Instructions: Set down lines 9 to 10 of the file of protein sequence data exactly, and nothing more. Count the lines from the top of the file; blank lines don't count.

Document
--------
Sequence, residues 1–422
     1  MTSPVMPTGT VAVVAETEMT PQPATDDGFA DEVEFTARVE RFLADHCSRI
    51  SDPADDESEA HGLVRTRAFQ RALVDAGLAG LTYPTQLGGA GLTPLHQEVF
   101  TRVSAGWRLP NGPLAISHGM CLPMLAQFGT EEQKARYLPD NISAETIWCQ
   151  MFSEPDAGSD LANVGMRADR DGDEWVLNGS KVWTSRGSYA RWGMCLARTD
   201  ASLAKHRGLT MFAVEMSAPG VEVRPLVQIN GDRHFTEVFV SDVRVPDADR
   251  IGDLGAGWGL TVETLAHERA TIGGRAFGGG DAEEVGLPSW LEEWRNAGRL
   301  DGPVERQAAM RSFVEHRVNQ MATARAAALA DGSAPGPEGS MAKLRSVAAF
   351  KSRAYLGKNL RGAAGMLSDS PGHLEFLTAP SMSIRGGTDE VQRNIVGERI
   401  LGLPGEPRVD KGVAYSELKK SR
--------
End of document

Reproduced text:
   351  KSRAYLGKNL RGAAGMLSDS PGHLEFLTAP SMSIRGGTDE VQRNIVGERI
   401  LGLPGEPRVD KGVAYSELKK SR